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|Title: ||Middle and Low Income Housing: a proposal for Mankranso, Ahafo-Ano South District, Ashanti Region|
|Authors: ||Loglo, J. K.|
|Issue Date: ||6-Jul-1997|
|Series/Report no.: ||2344;|
|Abstract: ||The definition of a “house” goes beyond the provision of shelter and a place of dwelling. It embodies the shaping of a man’s total socio-cultural, economic, religious and political life. Further, housing offers man the essential substances f family life, neighbourhood contacts, education base, human relations recreation and a sense of identification with what we are and really want to be. This is summed up in the notion “housing as a verb”.
Housing delivery to the lower income group has become a global problem, more especially so in the developing countries. This is so because of the immense political and economic dimensions involved. Various causes account for the emergence of the housing problem. Chief among them is the increasing rural-urban migration. The provision of general social infrastructure and shelter falls far below the rate of migration. This has caused severe shortage of domestic accommodation in the urban areas, and consequently, the development of slums and shantytowns. Another cause of the problem is the declining economic conditions, which have made the affordability of basic shelter impossible for the ordinary worker. This is attributed to the rising cost of housing impute, especially land.
It has become almost impossible for the lower income group to obtain owner-occupied houses. A more plausible solution lies in the provision of rentable accommodation. However, the economic implications of this are numerous. This is because housing is a marketable commodity and an economic investment where the private sector is concerned. In a bid to recoup the investment and make profits, the rents are soaring. it has therefore become imperative that institutions that employ a considerable number of people provide rentable accommodation for their workers at subsidised rates.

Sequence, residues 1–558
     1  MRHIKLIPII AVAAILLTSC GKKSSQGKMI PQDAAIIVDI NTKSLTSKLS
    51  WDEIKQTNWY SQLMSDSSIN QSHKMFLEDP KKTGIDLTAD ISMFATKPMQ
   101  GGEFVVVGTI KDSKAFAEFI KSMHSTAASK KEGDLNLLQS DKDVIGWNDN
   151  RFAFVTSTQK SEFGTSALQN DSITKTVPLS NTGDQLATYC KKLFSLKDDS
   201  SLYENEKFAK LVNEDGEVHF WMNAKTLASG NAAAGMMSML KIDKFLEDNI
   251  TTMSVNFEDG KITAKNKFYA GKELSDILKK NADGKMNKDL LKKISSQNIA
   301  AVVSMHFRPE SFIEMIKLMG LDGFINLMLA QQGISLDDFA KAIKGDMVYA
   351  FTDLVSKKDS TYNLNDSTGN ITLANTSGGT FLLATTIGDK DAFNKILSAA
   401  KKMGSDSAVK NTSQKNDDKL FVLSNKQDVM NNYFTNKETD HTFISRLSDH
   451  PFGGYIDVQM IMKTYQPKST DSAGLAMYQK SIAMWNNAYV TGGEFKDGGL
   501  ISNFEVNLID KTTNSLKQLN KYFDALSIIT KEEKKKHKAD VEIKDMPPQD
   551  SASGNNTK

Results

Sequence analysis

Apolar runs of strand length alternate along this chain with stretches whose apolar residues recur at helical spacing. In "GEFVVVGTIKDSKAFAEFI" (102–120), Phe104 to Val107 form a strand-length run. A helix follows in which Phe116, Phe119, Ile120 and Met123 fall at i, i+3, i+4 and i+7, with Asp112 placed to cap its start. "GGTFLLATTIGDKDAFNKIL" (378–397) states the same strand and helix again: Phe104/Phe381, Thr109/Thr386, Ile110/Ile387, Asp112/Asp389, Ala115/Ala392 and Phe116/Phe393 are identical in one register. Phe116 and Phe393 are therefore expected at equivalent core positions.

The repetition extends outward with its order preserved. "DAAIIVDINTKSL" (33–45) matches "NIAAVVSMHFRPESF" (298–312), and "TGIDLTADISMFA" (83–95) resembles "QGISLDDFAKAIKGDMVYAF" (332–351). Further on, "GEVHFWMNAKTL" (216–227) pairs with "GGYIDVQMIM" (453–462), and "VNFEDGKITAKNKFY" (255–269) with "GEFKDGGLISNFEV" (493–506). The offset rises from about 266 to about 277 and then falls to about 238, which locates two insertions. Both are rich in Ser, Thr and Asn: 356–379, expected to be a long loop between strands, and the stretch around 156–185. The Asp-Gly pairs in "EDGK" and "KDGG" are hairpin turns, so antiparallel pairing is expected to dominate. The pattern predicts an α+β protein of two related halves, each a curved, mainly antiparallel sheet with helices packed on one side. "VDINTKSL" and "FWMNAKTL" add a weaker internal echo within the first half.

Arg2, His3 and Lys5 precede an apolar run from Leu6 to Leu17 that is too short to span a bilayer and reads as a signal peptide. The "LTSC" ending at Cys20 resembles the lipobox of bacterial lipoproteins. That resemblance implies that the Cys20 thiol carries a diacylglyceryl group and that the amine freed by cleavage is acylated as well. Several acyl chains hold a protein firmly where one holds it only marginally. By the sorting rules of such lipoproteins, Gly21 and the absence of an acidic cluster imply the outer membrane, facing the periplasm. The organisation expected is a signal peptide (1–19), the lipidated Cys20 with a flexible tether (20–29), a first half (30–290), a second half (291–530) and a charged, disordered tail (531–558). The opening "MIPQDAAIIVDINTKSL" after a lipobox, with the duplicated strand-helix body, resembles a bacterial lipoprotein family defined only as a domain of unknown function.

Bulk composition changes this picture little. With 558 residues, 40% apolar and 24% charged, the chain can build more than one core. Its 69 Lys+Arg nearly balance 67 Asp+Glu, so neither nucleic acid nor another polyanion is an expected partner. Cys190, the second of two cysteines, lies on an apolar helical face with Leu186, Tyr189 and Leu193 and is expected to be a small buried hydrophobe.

The crisis in the housing situation, resulting from the widening gap between housing supply and demand in Ghana has been recognised by the government as a major problem. Many aspects of the housing delivery system face severe constraints, including institutional capabilities, provision of land, finance, infrastructure, materials and skills.
In 1987, a Draft National Housing Policy and Action Plan were prepared. The broad objectives of this plan were to assign a new role to the public sector as a facilitator
instead of a provider of housing. Also, housing is to be viewed as a productive investment providing a national economic wealth and creating a base for attaining national policy goals such as health and sanitation, and not as consumption good.
It is in pursuit of these goals that the District Assemblies are to serve as agents for change and development, providing the broad-base infrastructure for housing development|
|Description: ||A thesis submitted to the Board of Postgraduate Studies, Kwame Nkrumah University of Science and Technology, Kumasi, in partial fulfilment of the requirement for the award of Postgraduate Diploma in Architecture, 1997|
|Appears in Collections:||College of Architecture and Planning|
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